OK, there's Eleanor Rigby and there's Cathy Rigby, but the town of Rigby had me stumped. The large white board beside the Five Guys Famous Burgers and Fries order stand proclaimed, "Today's potatoes are from Rigby, Idaho." Is there potato terroir? Is Rigby the Bordeaux of potatoes? A quick Internet check of the city of Rigby shows a potato on the town flag. Hmm. These are serious potatoes.
Acknowledging the birthplace of their potatoes is only part of the marketing design at Five Guys, a corporate burger chain/franchise. A father and four sons started Five Guys Enterprises, LLC, in a Washington, DC, suburb in 1987. Today Five Guys has stores from Connecticut to South Carolina, with two in Charlotte and one in Gastonia.
On a Friday night, the Five Guys in Ballantyne was as tightly packed as the spuds in their bags -- which, along with industrial-sized canisters of peanut oil, lined the area beside the order counter. Filling the red and white dining room was a boisterous basketball team, a couple of tables filled with teenage girls and families with kids. You definitely know you're in Charlotte suburbia. While waiting to order, one unsupervised child seated in the dining area dipped a long fry into his soft drink and then shook the soda off the fry in my direction. At other tables, adults cracked open the complimentary salted peanuts. (Note: Five Guys is not the place for people with peanut allergies, a warning that's clearly posted at the entrance.)
Items are cooked to order here. Regular burgers consist of two hand-formed patties of beef that has not been frozen. (The "little" burger contains just one pattie.) The burgers are grilled well done and served with a choice of toppings including green peppers, sautéed white mushrooms, fried onions and jalapeños. No slaw or chili here.
Fries are hand cut and served two ways: regular and with Cajun spice. The regular order -- large enough for at least two hungry people -- is served in a cup and placed in a brown paper bag. Grease from the fries dots the bag. The fries, with skin, are cooked to perfection. In addition to ketchup, malted vinegar is on hand to cut through the grease. Also good are the plump kosher hot dogs and greasy grilled cheese sandwiches.
The menu is limited to those items: burgers, fries, dogs and veggie or grilled cheese sandwiches. Drinks are 24 ounces and come with free refills.
Already, Five Guys is raising the bar for fast-food burgers. But the draw that will bring me back are Five Guys' fries -- true treasures from Rigby, Idaho. I guess there is potato terroir, after all.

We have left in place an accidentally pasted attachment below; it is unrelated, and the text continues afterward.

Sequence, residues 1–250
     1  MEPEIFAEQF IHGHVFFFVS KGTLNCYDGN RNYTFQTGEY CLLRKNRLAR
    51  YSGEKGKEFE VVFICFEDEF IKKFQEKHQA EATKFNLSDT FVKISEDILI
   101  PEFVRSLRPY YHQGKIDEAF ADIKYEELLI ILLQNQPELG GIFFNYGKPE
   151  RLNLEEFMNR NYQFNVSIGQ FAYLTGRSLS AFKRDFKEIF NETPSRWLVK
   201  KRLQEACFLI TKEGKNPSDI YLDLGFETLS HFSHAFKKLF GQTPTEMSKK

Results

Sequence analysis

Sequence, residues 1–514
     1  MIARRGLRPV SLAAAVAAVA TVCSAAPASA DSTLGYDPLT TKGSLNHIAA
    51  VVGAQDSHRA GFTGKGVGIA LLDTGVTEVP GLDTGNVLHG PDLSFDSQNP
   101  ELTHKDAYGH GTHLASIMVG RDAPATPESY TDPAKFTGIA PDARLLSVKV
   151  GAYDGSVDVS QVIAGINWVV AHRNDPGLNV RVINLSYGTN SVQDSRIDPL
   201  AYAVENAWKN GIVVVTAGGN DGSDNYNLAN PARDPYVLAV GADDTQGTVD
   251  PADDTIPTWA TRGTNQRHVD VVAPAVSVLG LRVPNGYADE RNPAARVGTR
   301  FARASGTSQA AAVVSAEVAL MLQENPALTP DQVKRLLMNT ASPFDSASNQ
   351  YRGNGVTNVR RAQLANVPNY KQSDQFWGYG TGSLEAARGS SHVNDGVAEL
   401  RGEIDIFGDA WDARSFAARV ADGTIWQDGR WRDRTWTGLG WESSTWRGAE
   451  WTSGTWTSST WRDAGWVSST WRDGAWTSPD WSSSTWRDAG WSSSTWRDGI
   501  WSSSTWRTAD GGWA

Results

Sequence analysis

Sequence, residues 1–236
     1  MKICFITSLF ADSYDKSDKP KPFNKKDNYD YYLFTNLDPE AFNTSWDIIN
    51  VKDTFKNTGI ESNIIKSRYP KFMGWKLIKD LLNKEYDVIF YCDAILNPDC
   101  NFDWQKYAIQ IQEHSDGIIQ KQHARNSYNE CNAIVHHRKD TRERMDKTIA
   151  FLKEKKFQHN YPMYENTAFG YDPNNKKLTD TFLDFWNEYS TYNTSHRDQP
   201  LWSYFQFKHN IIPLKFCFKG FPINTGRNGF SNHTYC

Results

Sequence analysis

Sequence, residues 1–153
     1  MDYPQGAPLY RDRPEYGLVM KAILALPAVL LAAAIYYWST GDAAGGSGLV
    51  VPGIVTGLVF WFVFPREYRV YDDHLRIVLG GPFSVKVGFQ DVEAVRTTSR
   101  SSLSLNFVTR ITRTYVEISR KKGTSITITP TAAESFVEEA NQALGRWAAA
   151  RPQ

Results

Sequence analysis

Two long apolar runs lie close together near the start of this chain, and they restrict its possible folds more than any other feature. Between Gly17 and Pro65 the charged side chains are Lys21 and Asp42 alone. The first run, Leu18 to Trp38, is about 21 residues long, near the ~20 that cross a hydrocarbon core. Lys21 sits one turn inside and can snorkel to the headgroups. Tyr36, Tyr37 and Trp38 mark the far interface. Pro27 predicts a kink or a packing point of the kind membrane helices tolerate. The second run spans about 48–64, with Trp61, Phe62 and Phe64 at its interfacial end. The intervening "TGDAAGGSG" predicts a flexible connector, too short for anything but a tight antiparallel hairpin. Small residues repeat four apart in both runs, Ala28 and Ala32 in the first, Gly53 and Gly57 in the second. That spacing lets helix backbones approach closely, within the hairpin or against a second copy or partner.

On the other side of town is Cook Out, a Florida-based franchise that recently made its way into the Charlotte market. Cook Out has become legend in other North Carolina towns, typically cities with universities. As one UNCG graduate reported, "Going to Cook Out at 4am was part of the initiation rites of becoming a freshman." The Cook Out on Freedom Drive has become the late-night drive-thru for people departing downtown bars and dorms.
Cook Out's burgers, grilled on an open flame, come in four sizes. The largest is a one-pounder, thick enough to eat with a fork. The most satisfying are the Carolina burgers, loaded with chili and slaw. The cheddar on the cheeseburger has a similar taste to melted, processed cheese curds -- popular snacks in Wisconsin. They're greasy, but not biting. The thick-cut fries were cool the night we ate them, while the batter on the onion rings was better than the onions themselves, which tasted old.
As good as the burgers are, I am convinced the main draws are the after-midnight hours, low prices and the shakes. The menu lists 40 shakes, although some, such as egg nog and watermelon, are seasonal. An employee at the Freedom store noted that 36 different shakes are always available. They're not overly sweet, and they're so thick a straw can stand alone. The banana pudding shake was dense and divine.
Also on the menu are hot dogs, minced barbecue and chicken nuggets. Prices range from $1 for a dog to $4 for a barbecue plate, which is a lot cheaper than the national fast-food burger chains, and the flame-flavored burgers are much better. At heart, Cook Out is what the American burger drive-thru used to be.
Back by popular demand is Taste of the World, showcasing the ethnic diversity of East Charlotte restaurants. The event will be held from 5pm until 9:30pm Thursday, April 6; $35 per person. Eighteen ethnic restaurants will participate; however, each group of participants will visit only three establishments. Diners should meet at the Charlotte Museum of History and then motor coach to the three preselected restaurants. Call the museum at 704-568-1774 or go to www.charlotteeast.com.
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